Today, California produces more than 400 commodities. In the market for U.S.-grown foods, Americans buy many crops produced exclusively in California: almonds, artichokes, dates, figs, raisin grapes, kiwifruit, olives, clingstone peaches, pistachios, dried plums, pomegranates, sweet rice, raisins and walnuts.
We farm, you eat
Placed on a national scale, it is nothing short of amazing that so few do so much for so many. Twenty two million American workers produce, process, sell and trade the nation’s food and fiber. But only 4.6 million of those people live on the farms – slightly less than 2 percent of the total U.S. population
Consumers spend $547 billion for food originating on U.S. farms and ranches. Of each dollar spent on food, the farmer’s share is roughly 23 cents. The rest are for costs beyond the farm gate: wages and materials for production, processing, marketing, transportation and distribution.
On average, every hour, 24 hours a day, 365 days a year, around $6 million in U.S. agricultural products – grains, oilseeds, cotton, meats, vegetables, snack foods, etc., will be consigned for shipment for export to foreign markets.
This all means more jobs and higher wages across the nation. U.S. agricultural exports generate more than $100 billion annually in business activity throughout the U.S. economy and provide jobs for nearly 1 million workers, according to a study by North Carolina State University’s College of Agriculture and Life Sciences.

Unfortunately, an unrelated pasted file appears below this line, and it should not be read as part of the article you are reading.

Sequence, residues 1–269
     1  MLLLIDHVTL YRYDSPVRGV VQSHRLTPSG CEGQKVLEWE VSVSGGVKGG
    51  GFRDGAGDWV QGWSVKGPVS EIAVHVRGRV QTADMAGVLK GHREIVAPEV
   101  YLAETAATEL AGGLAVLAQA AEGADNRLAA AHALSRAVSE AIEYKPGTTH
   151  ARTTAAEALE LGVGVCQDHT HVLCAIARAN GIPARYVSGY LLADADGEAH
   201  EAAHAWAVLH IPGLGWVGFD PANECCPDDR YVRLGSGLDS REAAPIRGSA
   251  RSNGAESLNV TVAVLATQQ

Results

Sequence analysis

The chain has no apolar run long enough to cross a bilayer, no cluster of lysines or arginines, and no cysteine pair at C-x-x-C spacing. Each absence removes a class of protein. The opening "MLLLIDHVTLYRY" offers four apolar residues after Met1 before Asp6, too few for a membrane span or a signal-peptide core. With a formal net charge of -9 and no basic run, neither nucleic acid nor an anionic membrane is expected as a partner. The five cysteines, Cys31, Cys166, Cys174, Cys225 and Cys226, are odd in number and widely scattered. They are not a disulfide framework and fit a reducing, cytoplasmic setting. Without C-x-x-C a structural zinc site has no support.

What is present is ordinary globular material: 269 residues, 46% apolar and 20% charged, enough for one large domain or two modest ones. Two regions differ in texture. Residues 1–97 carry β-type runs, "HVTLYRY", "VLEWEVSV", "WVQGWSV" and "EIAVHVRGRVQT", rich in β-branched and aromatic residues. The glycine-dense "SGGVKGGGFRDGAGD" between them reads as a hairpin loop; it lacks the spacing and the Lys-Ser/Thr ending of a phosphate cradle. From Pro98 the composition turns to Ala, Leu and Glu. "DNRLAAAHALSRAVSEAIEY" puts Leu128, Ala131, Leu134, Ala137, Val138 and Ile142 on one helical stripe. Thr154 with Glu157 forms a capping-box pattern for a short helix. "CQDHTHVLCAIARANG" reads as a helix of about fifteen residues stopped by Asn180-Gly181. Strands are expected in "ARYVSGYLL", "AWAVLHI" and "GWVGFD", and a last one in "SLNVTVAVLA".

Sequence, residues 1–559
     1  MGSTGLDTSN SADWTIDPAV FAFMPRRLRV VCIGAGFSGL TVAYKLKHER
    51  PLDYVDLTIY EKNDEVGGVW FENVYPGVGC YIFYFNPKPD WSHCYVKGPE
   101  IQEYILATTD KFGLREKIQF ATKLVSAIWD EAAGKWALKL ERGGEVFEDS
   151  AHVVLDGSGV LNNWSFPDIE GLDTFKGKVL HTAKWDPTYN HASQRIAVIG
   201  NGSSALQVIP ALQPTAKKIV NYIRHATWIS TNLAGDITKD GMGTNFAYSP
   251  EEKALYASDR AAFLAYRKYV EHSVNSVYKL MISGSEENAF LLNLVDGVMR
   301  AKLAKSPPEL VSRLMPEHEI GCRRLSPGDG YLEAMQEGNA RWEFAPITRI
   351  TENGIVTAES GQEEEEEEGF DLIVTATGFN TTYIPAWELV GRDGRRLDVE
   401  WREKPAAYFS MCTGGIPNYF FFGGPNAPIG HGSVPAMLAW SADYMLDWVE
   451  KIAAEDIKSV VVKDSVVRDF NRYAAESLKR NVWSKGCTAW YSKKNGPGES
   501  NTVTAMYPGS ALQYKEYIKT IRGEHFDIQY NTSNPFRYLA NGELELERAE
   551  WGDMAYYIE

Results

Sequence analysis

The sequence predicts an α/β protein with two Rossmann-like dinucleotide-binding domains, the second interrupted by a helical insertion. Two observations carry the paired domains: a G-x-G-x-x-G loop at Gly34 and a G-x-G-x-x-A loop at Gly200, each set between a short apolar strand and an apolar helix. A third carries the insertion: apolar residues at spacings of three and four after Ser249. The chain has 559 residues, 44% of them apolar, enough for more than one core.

As we prepare to leave 2012 behind, farming continues to face challenges, but thanks to modern farming techniques America’s farmers and ranchers are producing more food on fewer acres, which leaves more open space for wildlife habitat. Precision farming practices boost crop yields and reduce waste by using satellite maps and computers to match seed, fertilizer and crop protection applications to local soil conditions.
And here’s another bright spot. Nearly 30 percent of today’s farmers and ranchers have attended college, with over half of this group obtaining degrees. A recent survey of America’s young farmers and ranchers revealed that 97.2 percent planned to farm and ranch for life. And this up and coming “brain trust” reveals that young ag professionals use computers on 83 percent of America’s farms, and nearly 75 percent of today’s young farmers have a cellular phone, and nearly one-third have access to the Internet.
Considering all these inroads – positive signs that agriculture in America continues to advance and thrive – it appears agriculture’s future is bright going into 2013. And, as I never tire of quoting signs posted by farmers throughout California’s Great Central Valley that succinctly sum up our business: “We farm, you eat.” Short and sweet, but says a lot.
From the staff at Western Plant Health Association, we wish our readers all the best during this holiday season.